RAW versus JPEG
Up till now you probably only ever shot in jpg format. Well, your whizzy new dSLR has a format called RAW which I urge you to use as your standard setting.
A RAW file is the equivalent of a negative in film photography: with "raw" pixel information that hasn't yet been processed into a jpeg. When cameras or software process into jpeg they have to interpolate lots of information and so detail gets lost. How much detail gets lost? Well you will be surprised to learn that your shiny new dSLR camera actually records 4,096 brightness levels for each pixel in the image. However, when you shoot in JPG format it only records 128 levels of brightness.
This is why even the best quality jpegs are about one tenth the size of an equivalent RAW image.
The raw file allows you to keep maximum info which you can then process in Photoshop (or similar) software in a number of ways to get different photos, but each one retains the maximum possible detail.
Why use RAW if you don't need high quality?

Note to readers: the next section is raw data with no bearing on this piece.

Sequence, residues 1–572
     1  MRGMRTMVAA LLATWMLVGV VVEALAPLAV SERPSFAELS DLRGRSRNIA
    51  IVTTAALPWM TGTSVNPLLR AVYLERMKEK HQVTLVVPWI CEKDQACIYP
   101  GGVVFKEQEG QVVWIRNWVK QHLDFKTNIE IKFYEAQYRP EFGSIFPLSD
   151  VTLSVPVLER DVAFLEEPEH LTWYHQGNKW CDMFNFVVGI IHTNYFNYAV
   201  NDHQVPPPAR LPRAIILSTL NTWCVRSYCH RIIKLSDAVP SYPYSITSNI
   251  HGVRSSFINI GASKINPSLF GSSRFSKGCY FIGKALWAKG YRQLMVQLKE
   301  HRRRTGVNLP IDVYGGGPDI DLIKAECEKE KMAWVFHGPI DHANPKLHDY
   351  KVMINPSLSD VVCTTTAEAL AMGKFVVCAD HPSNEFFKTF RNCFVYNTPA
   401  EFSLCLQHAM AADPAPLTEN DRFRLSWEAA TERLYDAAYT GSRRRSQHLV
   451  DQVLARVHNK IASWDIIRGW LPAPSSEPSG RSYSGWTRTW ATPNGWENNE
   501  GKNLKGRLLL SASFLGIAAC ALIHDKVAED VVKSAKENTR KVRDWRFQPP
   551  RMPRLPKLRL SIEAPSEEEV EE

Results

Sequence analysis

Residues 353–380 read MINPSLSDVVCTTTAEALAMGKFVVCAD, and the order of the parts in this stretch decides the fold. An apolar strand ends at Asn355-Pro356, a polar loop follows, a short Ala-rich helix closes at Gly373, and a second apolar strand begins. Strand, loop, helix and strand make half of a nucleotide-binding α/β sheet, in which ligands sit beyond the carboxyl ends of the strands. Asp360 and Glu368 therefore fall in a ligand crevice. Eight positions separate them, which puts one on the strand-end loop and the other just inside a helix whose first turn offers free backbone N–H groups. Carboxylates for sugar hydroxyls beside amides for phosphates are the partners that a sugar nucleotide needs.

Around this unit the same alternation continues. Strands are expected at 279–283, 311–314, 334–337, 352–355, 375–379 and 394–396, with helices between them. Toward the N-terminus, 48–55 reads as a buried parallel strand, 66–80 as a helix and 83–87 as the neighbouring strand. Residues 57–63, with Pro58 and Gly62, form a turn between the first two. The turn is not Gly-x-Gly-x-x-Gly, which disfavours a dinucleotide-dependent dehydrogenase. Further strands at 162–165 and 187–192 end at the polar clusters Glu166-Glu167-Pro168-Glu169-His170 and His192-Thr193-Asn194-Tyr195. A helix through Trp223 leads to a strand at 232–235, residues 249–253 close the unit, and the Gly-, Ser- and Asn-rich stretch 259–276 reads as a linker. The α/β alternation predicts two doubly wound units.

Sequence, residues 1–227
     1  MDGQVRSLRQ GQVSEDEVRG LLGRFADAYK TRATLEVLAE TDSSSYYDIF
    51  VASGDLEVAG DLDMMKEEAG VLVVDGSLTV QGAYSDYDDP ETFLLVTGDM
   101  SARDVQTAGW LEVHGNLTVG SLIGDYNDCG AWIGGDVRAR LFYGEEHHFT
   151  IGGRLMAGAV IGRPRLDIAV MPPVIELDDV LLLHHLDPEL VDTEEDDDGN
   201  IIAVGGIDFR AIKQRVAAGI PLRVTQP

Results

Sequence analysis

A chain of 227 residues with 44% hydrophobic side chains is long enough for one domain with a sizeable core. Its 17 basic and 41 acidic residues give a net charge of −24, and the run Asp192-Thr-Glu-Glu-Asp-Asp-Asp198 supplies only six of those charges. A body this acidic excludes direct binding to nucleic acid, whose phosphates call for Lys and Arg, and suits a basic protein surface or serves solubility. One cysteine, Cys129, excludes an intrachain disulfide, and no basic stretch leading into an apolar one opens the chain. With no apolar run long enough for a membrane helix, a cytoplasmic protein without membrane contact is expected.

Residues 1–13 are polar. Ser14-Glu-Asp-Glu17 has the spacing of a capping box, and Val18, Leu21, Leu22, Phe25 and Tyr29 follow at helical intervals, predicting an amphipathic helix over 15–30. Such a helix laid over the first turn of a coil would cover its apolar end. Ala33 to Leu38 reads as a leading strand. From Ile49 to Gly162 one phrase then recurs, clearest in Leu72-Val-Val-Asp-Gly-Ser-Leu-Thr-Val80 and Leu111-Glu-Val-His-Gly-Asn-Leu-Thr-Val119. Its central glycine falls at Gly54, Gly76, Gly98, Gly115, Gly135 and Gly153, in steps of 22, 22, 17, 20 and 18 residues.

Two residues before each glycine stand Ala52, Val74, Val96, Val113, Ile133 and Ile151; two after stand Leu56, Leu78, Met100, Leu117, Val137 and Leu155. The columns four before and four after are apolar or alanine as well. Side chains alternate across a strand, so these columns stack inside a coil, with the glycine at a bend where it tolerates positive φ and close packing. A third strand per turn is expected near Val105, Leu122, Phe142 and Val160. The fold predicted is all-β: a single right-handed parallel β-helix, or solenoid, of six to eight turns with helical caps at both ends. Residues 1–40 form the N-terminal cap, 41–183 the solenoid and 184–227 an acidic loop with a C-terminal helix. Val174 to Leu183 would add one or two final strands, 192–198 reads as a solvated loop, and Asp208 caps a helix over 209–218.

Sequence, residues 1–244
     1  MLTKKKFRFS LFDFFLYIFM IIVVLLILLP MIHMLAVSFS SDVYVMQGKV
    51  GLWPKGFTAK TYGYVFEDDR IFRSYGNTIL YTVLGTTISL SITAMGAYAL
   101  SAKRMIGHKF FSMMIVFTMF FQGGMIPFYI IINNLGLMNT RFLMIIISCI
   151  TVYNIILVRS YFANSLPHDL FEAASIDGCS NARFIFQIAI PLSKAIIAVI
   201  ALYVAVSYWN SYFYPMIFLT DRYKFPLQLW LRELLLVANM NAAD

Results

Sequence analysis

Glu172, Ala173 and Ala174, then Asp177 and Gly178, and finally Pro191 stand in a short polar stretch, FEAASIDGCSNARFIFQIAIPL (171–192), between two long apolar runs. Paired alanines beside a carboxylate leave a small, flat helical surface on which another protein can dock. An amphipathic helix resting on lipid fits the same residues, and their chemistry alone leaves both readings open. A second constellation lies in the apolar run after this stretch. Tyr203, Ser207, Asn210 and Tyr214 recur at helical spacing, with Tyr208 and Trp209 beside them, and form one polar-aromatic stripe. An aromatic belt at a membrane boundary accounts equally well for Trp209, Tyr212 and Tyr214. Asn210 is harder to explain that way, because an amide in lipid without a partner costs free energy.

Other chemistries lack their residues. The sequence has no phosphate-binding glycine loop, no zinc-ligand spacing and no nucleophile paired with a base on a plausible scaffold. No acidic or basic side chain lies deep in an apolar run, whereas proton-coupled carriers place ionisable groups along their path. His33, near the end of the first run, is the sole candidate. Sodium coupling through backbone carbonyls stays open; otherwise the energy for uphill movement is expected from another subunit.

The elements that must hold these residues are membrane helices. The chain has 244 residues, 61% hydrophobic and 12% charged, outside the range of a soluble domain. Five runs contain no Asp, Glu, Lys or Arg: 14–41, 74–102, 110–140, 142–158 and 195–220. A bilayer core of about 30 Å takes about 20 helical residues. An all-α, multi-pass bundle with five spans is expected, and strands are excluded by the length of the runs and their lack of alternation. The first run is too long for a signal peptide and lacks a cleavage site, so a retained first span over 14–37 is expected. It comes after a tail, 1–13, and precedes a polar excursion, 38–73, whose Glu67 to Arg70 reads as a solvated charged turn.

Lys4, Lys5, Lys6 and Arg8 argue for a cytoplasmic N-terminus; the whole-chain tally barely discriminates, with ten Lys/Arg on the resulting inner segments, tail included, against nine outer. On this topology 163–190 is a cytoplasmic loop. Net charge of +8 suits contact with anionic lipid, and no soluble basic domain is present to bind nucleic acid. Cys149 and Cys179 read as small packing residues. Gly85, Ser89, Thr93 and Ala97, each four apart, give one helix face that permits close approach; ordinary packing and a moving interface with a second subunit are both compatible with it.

One of the key uses of RAW files is that they give you the ability to set the white balance of a photograph after the picture has been taken. Correcting colour balance from a raw file is always better than from a jpeg.
When I took the same shot with my old compact digital camera (with no RAW setting) the whole shot was totally confusing for the sensor (it was a dark night with only the first glow of predawn in the sky) so the camera saved a jepg that was bathed in the orange glow of the sodium streetlights. Nothing I could do in photoshop was ever going to save that particular shot from the recycle bin. But my lovely new digital SLR allowed me to adjust the white balance to more accurately reflect the light and get the lovely shot you can see above.
In short, RAW is how professionals use their digital cameras. Learn from the masters and set your camera to RAW today.
You will need some additional software for processing RAW photo files, but the good news is that all manufacturers offer free copies of RAW processing software with the cameras. In addition, Photoshop CS3 and above all have decent raw converters included as standard.